The "places of interest" list isn't searchable, so it requires endless scrolling to find a place of interest. It would be nice if Métro would display maps as well, with lines and stops indicated and clickable. If Métro could be made to talk to your GPS, it could tell you where your nearest public transport options are.
But even in its current state Métro is a very useful program. It stores all public transport info right on your phone so you can navigate the routes and times without a live mobile internet connection. That's a great way to avoid expensive data roaming bills, and it ensures that you have public transport info at your fingertips in places without network coverage, such as deep down in subway stations or remote bus stops in the middle of nowhere. Giving you a choice between the fastest route or the trip with the minimum number of connections is a nice touch too.
• Métro from metro.nanika.net
Mobile Java map application Mobile GMaps shows online maps from Yahoo, Windows Live, Ask.com, and OpenStreetMap. You can make your own maps, and you can download maps (including maps from Google Maps) on your computer and store them on your phone to avoid paying for mobile data traffic to view maps on the road. Mobile GMaps can overlay maps with satellite, aerial, and subway maps.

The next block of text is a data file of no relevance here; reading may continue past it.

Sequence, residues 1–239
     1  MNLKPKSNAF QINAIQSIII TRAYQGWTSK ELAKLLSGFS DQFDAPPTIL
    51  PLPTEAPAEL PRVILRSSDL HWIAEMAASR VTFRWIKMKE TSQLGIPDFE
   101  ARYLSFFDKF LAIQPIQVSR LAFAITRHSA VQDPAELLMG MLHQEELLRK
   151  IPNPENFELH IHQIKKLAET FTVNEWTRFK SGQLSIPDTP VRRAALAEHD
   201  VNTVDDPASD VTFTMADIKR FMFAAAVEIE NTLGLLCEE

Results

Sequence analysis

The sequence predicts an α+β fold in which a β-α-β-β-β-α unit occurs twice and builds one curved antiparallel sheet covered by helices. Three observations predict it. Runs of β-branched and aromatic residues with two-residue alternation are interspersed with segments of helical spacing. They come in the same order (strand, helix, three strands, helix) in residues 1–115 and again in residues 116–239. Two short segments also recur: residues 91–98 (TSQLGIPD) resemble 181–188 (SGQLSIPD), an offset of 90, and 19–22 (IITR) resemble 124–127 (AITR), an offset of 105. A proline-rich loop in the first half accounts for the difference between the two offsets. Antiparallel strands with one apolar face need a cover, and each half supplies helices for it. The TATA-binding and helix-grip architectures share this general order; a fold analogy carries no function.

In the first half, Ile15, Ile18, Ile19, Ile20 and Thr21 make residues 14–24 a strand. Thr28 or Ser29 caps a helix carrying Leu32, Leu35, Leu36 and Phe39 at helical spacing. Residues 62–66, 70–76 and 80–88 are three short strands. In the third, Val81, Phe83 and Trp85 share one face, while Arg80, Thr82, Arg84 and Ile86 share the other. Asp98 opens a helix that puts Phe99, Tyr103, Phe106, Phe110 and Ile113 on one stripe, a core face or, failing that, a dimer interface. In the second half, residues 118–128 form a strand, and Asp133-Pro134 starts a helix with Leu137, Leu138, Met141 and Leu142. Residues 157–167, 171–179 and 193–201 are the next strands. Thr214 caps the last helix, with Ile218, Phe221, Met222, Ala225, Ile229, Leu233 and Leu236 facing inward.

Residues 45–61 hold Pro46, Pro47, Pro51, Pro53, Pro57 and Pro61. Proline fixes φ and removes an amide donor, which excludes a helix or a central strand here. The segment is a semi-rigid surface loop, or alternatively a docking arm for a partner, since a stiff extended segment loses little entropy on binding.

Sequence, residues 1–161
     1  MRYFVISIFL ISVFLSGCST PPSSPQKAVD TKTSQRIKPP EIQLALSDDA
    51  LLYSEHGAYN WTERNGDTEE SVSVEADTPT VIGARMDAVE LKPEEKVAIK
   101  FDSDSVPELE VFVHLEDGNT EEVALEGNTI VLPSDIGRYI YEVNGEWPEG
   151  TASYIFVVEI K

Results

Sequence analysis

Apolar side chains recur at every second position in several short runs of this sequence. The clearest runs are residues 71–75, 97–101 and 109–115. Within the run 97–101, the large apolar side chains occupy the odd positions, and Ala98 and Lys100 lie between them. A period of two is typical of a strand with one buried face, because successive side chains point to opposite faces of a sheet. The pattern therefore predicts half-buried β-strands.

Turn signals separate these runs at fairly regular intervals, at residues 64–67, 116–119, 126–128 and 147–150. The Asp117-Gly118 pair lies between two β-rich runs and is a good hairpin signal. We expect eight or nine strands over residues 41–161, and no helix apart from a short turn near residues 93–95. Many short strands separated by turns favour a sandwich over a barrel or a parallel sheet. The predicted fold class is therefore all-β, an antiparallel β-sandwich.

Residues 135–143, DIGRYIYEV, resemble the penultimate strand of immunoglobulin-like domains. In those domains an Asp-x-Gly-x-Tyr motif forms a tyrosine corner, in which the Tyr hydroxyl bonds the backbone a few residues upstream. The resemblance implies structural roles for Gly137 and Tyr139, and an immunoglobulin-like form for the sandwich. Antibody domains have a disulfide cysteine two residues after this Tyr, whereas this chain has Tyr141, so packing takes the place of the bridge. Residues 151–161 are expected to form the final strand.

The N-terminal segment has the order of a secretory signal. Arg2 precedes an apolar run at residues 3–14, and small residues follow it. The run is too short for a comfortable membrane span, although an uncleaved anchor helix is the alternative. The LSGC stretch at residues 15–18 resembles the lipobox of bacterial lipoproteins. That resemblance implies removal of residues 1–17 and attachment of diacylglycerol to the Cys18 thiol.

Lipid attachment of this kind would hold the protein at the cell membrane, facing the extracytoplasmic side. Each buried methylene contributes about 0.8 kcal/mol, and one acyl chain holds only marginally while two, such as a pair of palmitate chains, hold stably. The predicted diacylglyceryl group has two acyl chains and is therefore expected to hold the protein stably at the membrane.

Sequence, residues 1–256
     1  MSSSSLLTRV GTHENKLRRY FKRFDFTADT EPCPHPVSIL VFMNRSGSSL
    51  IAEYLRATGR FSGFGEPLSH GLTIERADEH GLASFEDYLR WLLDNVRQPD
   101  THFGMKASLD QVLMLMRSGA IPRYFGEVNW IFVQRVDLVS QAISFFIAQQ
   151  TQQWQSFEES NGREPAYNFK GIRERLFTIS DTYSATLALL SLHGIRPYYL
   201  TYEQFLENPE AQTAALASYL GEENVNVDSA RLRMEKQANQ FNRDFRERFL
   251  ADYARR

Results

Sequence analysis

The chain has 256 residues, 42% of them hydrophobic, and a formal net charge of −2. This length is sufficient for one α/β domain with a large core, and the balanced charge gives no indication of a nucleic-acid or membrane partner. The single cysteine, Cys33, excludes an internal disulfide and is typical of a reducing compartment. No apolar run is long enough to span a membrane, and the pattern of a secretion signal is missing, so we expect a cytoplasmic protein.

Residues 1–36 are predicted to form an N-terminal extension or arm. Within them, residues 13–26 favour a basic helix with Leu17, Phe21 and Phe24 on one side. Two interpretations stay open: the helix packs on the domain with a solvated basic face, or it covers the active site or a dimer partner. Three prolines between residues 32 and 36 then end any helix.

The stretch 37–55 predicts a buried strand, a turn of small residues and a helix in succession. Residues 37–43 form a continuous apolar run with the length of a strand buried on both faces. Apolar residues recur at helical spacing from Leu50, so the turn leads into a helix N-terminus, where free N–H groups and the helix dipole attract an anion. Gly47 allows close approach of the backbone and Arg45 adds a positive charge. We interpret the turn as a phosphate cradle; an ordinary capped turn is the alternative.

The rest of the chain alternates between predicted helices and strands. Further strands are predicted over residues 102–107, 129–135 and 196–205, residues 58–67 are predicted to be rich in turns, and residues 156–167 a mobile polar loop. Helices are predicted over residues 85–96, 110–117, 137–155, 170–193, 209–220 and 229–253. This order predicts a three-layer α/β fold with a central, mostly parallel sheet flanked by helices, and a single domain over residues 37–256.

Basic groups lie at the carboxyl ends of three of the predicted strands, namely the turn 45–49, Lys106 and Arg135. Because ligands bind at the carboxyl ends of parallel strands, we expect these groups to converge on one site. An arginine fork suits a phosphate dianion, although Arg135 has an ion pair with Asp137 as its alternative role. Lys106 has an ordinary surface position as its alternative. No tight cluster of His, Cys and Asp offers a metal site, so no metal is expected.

Mobile GMaps used to display online Google Maps too, but Google threw some legal threats at them. You can still download maps from Google Maps and use them in Mobile GMaps offline.
Mobile GMaps works with internal and external GPSs, but you can't use the program for turn-by-turn (voice) navigation.
The latest update fixes some bugs, and Mobile GMaps is now much easier to use on touchscreen phones.